One potential difference is HP. The difference in HP between 1st and 2nd level is the largest percentage jump the characters will likely ever see (with some multi-class combinations excluded). The characters can feel quite a bit less fragile.

Another is that melee characters are doubling their BAB from 1st to 2nd level, and most classes have decent 2nd level abilities that show up.

This likely is the same over all traits and abilities. Each level just gives you small increases, but those increases are much more significant between 1st and 2nd level than at any other point.

  • 2
    \$\begingroup\$ I don't think doubling the BAB accomplishes that much. Yes, it's impressive when represented by 100% increase but it's a flat +1. Which constitutes a (flat) +5% hit chance. Now, this isn't bad but also not a gamechanger. Consider a fighter with +3 bonus from Str and +1 BAB - that's a +4 to hit. Level 1 monsters have 15-ish AC, so without other modifiers, the fighter hits on 11 and above. That's 45% chance to succeed. Getting another 5% makes it 50% chance to hit. This is 11% (relative) increase. \$\endgroup\$
    – VLAZ
    Nov 15 '21 at 11:25

It is about the HP

There are other contributing factors. But the ratio of HP between a level 1 and level 2 PC larger than the ratio at any other level.

And at low levels, HP is the main measure of defence.

Meanwhile, offence barely moves.

So a typical PC goes from 1 unit of defence and 1 unit of offence to 1.5 units of defence and 1.1 units of offence.

The kinds of enemies mostly don't change from level 1 to level 2. Maybe you'll face a few more; but they are exceedingly unlikely to be 1.5 times as much offence and 1.1 times as much defence at level 2 compared to level 1. More likely 1.3 and 1.3 (representing "increased numbers of foes"), or even 1.5 and 1.1 (representing "nearly same damage, but more HP") like a PC.

If the foes danger scales in both offence and defence (so you fight 3 Kobolds at level 1, and 4 at level 2), then your 1.1x offence and 1.5x defence ends up looking like 0.85x offence 1.15x defence. If the foes power scales like a PC, at level 2 it looks like 0.75x offence 1.35x defence.

In both cases, it is like converting a bare-knuckle fight to one wearing boxing gloves and armor. Higher defence means it takes more bad luck to drop a PC in one blow; lower offence means it takes more rounds to drop a foe, and a lucky blow is less likely to drop one.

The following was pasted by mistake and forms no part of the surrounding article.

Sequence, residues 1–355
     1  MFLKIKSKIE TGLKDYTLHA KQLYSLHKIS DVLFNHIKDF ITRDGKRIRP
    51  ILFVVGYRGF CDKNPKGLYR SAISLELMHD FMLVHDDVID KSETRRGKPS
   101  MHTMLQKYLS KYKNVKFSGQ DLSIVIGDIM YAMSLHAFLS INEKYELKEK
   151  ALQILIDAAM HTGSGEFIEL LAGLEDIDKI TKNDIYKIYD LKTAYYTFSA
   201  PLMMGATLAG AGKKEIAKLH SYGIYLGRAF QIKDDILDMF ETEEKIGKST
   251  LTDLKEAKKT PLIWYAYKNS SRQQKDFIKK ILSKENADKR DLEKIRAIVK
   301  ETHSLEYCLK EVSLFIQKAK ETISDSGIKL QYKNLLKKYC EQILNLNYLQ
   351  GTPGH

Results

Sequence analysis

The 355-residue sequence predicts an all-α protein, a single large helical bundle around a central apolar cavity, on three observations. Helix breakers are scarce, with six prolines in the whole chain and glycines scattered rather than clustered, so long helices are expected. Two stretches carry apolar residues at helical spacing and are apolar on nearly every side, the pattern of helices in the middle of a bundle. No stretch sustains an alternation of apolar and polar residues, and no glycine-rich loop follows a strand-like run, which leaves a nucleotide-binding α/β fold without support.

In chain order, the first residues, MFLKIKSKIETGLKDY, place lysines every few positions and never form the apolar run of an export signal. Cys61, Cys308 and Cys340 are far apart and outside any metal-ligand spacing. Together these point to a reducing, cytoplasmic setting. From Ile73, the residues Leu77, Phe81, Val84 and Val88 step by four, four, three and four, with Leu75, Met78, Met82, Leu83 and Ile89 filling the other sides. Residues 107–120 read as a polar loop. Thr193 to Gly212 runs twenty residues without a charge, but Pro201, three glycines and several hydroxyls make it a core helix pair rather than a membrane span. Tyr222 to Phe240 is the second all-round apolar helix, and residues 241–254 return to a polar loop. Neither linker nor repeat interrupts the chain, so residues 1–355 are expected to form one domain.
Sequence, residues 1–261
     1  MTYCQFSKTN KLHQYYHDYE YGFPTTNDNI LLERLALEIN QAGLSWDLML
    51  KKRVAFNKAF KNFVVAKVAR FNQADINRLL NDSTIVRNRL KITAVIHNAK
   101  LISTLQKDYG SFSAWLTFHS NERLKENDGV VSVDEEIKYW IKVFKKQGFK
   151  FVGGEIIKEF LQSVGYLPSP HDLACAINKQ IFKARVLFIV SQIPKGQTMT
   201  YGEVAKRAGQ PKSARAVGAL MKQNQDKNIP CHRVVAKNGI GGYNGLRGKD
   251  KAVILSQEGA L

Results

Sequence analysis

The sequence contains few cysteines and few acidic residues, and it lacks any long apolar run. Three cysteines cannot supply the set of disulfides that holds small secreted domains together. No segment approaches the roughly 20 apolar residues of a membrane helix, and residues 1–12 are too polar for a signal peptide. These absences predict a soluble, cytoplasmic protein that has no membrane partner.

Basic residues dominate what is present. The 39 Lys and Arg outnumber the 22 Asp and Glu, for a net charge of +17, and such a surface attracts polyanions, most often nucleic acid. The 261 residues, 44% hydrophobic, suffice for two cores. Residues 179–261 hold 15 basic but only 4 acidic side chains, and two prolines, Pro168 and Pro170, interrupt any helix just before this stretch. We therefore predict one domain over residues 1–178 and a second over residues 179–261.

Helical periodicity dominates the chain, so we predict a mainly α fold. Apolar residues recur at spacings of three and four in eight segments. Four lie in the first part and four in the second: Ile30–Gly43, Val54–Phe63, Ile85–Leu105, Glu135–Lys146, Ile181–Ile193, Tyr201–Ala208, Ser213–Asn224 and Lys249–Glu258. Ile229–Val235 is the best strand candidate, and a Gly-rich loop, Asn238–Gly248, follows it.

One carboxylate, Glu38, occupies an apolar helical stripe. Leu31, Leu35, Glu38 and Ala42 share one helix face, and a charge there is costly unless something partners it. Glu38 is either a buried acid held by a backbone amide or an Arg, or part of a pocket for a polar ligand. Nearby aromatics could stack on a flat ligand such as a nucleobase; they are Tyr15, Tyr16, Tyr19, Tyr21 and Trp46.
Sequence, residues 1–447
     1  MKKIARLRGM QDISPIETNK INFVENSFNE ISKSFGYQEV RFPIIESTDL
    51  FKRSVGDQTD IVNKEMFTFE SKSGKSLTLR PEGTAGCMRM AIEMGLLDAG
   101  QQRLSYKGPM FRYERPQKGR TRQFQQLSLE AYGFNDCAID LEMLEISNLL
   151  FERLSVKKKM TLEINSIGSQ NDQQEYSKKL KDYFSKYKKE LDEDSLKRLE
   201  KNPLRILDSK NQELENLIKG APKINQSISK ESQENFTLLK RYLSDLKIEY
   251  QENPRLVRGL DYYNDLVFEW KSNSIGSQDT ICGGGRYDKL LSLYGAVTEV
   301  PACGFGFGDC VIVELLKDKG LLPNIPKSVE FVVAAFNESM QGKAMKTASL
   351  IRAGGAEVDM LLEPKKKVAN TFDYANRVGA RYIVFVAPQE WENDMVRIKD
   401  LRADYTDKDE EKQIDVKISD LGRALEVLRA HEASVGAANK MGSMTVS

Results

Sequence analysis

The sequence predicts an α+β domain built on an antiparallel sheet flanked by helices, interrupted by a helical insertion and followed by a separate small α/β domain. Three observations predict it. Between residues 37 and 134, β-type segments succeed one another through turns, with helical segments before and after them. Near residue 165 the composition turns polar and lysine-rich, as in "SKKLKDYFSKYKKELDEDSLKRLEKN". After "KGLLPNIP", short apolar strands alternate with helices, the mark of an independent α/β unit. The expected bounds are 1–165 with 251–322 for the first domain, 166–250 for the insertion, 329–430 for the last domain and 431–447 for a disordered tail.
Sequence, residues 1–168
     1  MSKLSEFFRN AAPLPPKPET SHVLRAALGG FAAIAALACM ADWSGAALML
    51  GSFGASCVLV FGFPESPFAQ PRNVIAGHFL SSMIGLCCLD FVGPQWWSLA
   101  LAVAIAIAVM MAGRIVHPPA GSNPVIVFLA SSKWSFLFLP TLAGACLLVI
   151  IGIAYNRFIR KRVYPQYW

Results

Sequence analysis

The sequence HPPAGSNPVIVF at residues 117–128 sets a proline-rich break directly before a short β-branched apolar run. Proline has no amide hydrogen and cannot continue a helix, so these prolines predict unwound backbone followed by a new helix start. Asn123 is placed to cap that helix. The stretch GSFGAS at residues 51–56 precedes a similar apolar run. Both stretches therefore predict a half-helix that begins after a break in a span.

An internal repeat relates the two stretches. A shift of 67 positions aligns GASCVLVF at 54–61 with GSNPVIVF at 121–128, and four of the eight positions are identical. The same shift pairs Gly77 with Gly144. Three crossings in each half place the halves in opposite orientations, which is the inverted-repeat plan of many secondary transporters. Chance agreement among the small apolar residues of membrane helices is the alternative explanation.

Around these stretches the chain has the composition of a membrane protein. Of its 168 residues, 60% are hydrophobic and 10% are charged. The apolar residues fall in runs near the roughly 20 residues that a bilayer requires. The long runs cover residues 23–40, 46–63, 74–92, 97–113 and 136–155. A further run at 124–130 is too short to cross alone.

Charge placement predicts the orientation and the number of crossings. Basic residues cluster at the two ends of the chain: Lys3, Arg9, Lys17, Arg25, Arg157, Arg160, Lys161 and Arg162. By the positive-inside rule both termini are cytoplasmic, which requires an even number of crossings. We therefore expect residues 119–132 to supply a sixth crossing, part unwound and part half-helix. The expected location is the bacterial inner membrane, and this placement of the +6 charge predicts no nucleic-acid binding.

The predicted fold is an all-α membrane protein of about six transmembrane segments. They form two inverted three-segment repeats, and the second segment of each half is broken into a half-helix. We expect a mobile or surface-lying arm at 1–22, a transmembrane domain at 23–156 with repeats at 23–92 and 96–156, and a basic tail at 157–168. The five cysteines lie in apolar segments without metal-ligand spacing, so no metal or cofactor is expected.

Daily resources matter

From level 1 to level 2, most spellcasters go from 3 to 4 first level spells per day (1, +1 specialization/domain, +1 high attribute; sorcerers go from 4 to 5 and druids from 2 to 3). This boosts their endurance by 1/2 to 1/4, and can represent one more chance to "save or lose" foes, or a bit more healing resources.

At no other level does a spellcasters endurance get boosted by 1/3 in one level.

But the spellcaster gets no better at delivering spells on a per round basis, they can just perform at top performance for one additional round/day. So a level-appropriate challenge for a level 1 character is going to be faster than one for a level 2 character, simply because the level 2 character has more endurance and very little additional output per round.

The effect isn't as large as the HP, but it leans in the same direction.

Class features also

If you look over various classes, next to no class gets their big offensive features at level 2. Paladins gets smite at level 1, and lay on hands at 2. Monks get flurry of blows/unarmed combat and an offensive feat at level 1, and evasion and a defensive feat at level 2 (combat reflexes is arguably defensive). Rogues get 1d6 sneak attack at level 1, and evasion at level 2.

The most offensive stuff gained is a feat or a spell slot really.

Higher offence, lower defence

Let's take two simple games. In one, you take turns rolling 1d20, and on an 11+ you win.

In the other, you have to roll an 11+ twice before you win.

The first is going to feel very different than the second, even though (assuming you randomly pick who goes first) each is a fair and even game.

D&D isn't generally a fair and even game; rather, it tends to be biased in favour of the PCs. So we'll modify the game a bit. Team PC has to roll an 8+, team Monster has to roll a 14+.

We still randomly determine who goes first. In the high-stakes "1 hit win" game:

  • PCs first: 65% PCs win, 35% devolves to Monsters first.
  • Monsters first: 35% Monsters win, 65% devolves to PCs first.

This is a pretty simple set of equations (PC = .65 + .35 M, M = .65 PC).

Solving, we get PC first is 84% PC win 16% Monster win.

PC = .65 + .35 M
M = .65 PC
PC = .65 + .35 * .65 PC
PC = .65/(1-.35*.65)
PC =~ .84
M =~ .55

On the other hand, Monster first is 45% Monster win and 55% PC win. (In the above math, I am calculating the average number of PC wins; hence, M = .55 means 45% monster win if it goes first).

For the two-hit game the games states are:

  • PCs first: 65% Monsters at disavantage, 35% devolves to Monster's first
  • PCs advantage: 65% PCs win, 35% Monster's disadvantage
  • PCs disadvantage: 65% Monsters tied, 35% Monster's advantage
  • PCs tied: equal to PCs first in 1-shot version (84% PCs win, 16% Monsters win)
  • Monsters first: 35% PCs at disadvantage, 65% devolves to PCs first
  • Monsters advantage: 35% Monsters win, 65% PCs disadvantage
  • Monsters disadvantage: 35% PCs tied, 65% PCs advantage
  • Monsters tied: equal to Monsters first in shot version (45% Monsters win, 55% PCs win)

we can solve this using a system of 8 equations (which I won't do here), and it works out that if the PC goes first 85% chance they win, and if the monsters go first there is a 71% chance the PCs win.

Adding more "hits" to a fight, with the same odds on each round, means that the favoured side gets more favoured. Luck matters less.

  • \$\begingroup\$ Great analysis in your final section. I'm particularly struck that the "one-hit game" depends heavily on who goes first. \$\endgroup\$ Nov 16 '21 at 15:17